Educational Psychology

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Educational Psychology

  1. 1. EDUCATIONAL PSYCHOLOGY February 13, 2009
  2. 2. Educational Psychology Studies how people learn in educational settings. Tends to focus on the classroom. May often focus on specific groups such as gifted students or those with disabilities.
  3. 3. An analogy perhaps? Educational Psychology : Psychology :: Medicine : Biology :: Engineering : Physics
  4. 4. Aspects We Won’t Address Today Individual differences (too much!) Social, moral, or cognitive development (we’ve touched on this!) Research methodology (we’ll talk about this later)
  5. 5. Four Important Ideas Behavioral Cognitive Social cognitive Constructivist Connectivist (a bonus!)
  6. 6. Behaviorism Ivan Pavlov’s classical conditioning (late 1890s) BF Skinner’s radical behaviorism (1930-1950s)
  7. 7. Behaviorism Focus on behavior outcomes Systematic rewards Operant Conditioning
  8. 8. Behaviorism How do you use this? When might it be useful?
  9. 9. Cognitivism The idea that traits, beliefs, memories, motivations, and emotions can determine how information in perceived, processed, stored, retrieved, and forgotten. Dual coding theory Cognitive load Spaced Learning Effect Mnemonics Problem solving as fundamental to learning Involves long term memory, mapping between problem and pre-existing schema
  10. 10. Cognitivism Allan Paivo’s Dual-Coding Theory (1970s-80s) John Sweller’s Cognitive Load Theory
  11. 11. Cognitivism How do you use this? When might it be useful?
  12. 12. Social Cognitivism (Social Learning Theory) Blends behavioral, cognitive, and social thinking Observational learning: watching others and change own behavior as a result of observation Last few decades: self-regulated learning and metacognition These both hypothesize effective learners are active agents who construct knowledge by setting goals, analyzing tasks, planning strategies, and monitoring understanding Those who are better at goal setting and self- monitoring have a greater intrinsic task interest and self-efficacy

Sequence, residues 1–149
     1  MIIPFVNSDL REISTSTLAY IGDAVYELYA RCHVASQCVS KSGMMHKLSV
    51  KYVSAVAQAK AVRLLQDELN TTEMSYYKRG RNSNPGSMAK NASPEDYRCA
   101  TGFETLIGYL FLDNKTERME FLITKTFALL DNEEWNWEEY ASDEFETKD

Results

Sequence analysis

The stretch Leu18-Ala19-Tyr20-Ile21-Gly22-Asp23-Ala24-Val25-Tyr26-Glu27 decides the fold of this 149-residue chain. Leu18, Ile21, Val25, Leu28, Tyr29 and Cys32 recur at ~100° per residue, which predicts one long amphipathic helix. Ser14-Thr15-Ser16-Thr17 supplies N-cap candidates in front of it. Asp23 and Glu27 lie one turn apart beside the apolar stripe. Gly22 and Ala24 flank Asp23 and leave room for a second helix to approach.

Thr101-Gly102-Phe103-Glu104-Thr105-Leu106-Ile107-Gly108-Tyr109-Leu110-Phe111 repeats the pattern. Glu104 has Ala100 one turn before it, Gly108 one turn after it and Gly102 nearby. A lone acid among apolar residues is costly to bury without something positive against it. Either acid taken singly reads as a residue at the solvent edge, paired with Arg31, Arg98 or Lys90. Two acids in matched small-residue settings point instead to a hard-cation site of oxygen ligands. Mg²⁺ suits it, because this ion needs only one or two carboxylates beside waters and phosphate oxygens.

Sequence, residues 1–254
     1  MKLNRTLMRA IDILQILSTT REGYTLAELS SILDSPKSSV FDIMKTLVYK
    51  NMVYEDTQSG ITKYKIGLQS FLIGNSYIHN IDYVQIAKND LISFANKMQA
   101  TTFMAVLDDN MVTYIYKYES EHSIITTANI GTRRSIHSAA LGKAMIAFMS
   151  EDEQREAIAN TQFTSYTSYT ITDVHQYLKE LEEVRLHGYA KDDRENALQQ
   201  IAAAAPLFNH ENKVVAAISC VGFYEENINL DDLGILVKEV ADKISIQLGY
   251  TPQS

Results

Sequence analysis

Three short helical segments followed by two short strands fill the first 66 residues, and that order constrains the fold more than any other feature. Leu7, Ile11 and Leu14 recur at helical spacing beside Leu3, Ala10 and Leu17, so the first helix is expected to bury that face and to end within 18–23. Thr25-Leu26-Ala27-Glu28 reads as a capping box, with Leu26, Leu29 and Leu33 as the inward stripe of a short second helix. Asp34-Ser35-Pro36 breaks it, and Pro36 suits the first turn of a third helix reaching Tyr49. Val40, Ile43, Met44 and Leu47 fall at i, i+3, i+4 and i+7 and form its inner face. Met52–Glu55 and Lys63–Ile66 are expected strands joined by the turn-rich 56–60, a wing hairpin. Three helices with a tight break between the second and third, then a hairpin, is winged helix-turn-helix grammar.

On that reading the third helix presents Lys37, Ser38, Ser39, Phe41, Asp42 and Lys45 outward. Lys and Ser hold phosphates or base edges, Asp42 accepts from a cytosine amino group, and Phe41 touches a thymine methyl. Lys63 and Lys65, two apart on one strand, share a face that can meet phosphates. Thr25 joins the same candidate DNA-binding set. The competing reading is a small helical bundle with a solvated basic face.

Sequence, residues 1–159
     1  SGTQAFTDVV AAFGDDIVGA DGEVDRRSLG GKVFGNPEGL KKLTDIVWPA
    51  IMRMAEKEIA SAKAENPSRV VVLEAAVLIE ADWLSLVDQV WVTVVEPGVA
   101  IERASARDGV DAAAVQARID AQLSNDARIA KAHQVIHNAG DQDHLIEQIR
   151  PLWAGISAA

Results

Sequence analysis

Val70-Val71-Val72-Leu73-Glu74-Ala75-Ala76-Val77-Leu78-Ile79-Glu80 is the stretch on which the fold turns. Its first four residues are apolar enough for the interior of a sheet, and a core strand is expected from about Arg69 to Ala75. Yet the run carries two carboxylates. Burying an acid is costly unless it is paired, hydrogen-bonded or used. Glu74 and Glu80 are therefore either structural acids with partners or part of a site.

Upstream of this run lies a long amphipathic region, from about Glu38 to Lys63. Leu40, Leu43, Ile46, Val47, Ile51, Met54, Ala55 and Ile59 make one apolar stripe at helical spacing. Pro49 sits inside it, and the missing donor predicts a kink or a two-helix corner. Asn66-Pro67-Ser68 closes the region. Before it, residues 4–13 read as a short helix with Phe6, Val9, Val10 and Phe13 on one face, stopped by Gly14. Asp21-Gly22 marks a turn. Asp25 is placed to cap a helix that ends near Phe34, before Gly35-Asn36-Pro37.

13. 13. Social Cognitivism (Social Learning Theory) NE Miller and J Dollard’s Social Learning Theory (1941) Albert Bandura (1977)
  14. 14. Social Cognitivism How do you use this? When might it be useful?
  15. 15. Constructivism Lev Vygotsky’s sociocultural learning focuses on internalization based on interaction with adults, more capable peers, and cognitive tools.
  16. 16. Constructivism Places emphasis on agency and prior knowledge of the learner and often on social/cultural determinants of the learning process Related to Piaget’s individual/psychological constructivism from social constructivism Learners socialized through social interactions within community of practice
  17. 17. Constructivism How do you use this? When might it be useful?
  18. 18. Connectivism George Siemens (2000s!) Learning in a digital age Builds on previous models Community of Learning
  19. 19. Connectivism How do you use this? When might it be useful?
  20. 20. Four Important Ideas Behavioral Cognitive Social cognitive Constructivist Connectivist (a bonus!)
  21. 21. MOTIVATION!
  22. 22. Motivation Internal state that activates, guides, and sustains behavior. Will, interest, intrinsic motivation, personal goals, belief about the causes of their success or failure
  23. 23. Motivation Bernard Weiner’s Attribution Theory: Focuses on students’ beliefs about their success level
  24. 24. Motivation Goals: Mastery goals increase ability and knowledge Performance approach goals strive for high grades and seek opportunities to demonstrate their abilities Performance avoidance goals driven by fear of failure and where abilities are exposed
  25. 25. Motivation Issues in motivation?

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